NASAA President Tells Crisis Investigators To Take Three Steps

Restore provisions of Glass-Steagall, reinstate state oversight of Rule 506, and boost state regulation of advisors

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Sheila Bair, chairman of the Federal Deposit Insurance Corp. (FDIC) and Mary Schapiro, chairman of the Securities and Exchange Commission (SEC), conceded to federal crisis investigators January 14 that regulators did indeed drop the ball in preventing the financial meltdown.

During the second round of hearings held by the Financial Crisis Inquiry Commission (FCIC) in Washington January 14, Denise Voigt Crawford, Texas Securities Commissioner and president of the North American Securities Administrators Association (NASAA), told the federal investigative panel in her testimony that three actions should occur to prevent further potential crisis.

First, restore provisions of Glass-Steagall, the 1933 law that created a wall between commercial and investment banking. In fact, a bipartisan bill recently introduced by Senators Maria Cantwell (D-Washington), John McCain (R-Arizona), Russ Feingold (D-Wisconsin), and others would do just that by prohibiting commercial banks from affiliating in any manner with investment banks. "By separating the commercial banks from the investment banks, the Cantwell-McCain bill would end speculation with depositors' money and return stability and confidence to Main Street," Crawford said.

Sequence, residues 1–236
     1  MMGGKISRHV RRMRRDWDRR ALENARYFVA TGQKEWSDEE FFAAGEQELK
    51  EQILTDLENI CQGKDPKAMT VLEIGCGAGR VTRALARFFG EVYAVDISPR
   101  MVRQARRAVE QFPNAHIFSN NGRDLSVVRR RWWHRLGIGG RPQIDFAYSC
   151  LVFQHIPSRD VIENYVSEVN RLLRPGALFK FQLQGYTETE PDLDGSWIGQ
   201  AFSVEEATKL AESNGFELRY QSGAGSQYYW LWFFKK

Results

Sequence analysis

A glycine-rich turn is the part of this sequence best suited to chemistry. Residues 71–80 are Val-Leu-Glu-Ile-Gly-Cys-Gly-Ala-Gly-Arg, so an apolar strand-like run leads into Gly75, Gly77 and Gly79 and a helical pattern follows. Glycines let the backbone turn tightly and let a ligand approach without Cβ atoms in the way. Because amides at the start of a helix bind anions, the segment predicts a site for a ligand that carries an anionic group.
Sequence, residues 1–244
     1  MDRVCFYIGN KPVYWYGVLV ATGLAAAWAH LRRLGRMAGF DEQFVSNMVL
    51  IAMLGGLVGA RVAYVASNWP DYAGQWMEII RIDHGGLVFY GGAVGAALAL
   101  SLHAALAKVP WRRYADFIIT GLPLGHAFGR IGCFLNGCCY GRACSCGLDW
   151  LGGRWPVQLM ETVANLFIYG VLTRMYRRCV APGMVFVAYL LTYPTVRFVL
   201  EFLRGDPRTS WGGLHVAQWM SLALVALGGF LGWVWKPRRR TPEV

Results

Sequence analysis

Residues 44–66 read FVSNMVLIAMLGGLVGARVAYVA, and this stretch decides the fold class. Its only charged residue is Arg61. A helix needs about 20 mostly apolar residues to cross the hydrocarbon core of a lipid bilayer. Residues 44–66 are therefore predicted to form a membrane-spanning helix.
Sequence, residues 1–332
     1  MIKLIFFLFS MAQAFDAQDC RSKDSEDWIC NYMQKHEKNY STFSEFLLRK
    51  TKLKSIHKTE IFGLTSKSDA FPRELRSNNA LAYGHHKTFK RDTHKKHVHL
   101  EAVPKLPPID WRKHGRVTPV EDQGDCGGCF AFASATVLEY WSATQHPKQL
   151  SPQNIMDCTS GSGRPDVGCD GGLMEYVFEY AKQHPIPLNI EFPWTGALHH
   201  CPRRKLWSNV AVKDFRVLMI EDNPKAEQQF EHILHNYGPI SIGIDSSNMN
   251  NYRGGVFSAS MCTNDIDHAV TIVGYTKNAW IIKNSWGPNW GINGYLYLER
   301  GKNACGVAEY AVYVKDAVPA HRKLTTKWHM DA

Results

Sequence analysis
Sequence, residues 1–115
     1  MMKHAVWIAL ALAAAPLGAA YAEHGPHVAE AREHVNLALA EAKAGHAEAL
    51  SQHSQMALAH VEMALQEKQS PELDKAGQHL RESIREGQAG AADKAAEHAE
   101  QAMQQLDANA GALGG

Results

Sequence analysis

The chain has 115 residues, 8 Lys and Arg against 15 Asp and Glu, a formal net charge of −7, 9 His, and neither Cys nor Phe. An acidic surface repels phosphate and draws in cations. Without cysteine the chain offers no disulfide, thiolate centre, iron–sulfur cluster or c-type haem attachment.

Second, Congress should reinstate state regulatory oversight of Rule 506 offerings by repealing Section 18(b)(4)(D) of the Securities Act of 1933, Crawford said. Section 928 of Senator Christopher Dodd's financial services reform bill, the Restoring American Financial Stability Act of 2009, would reinstate the authority of state regulators over Rule 506 offerings. "Most hedge funds are offered pursuant to Rule 506, so state securities regulators are prevented from examining the offering documents of these investments, which represents an enormous dollar volume," Crawford said. "Although Congress preserved the states' authority to take enforcement actions for fraud in the offer and sale of all 'covered' securities, including Rule 506 offerings, this power is no substitute for a state's ability to scrutinize offerings for signs of potential abuse and to ensure that disclosure is adequate beforeharm is done to investors."

Third, Crawford suggested increasing state regulation of investment advisors. "As evidenced by the Inspector General's report on the Madoff affair and the testimony of SEC Chairman Schapiro and other SEC staff before Congress, the bulk of federally covered investment advisers are examined infrequently," she said. NASAA members, she continued, "are fully prepared and equipped to fill this gap by accepting responsibility for the oversight of investment advisers with up to $100 million in assets under management."

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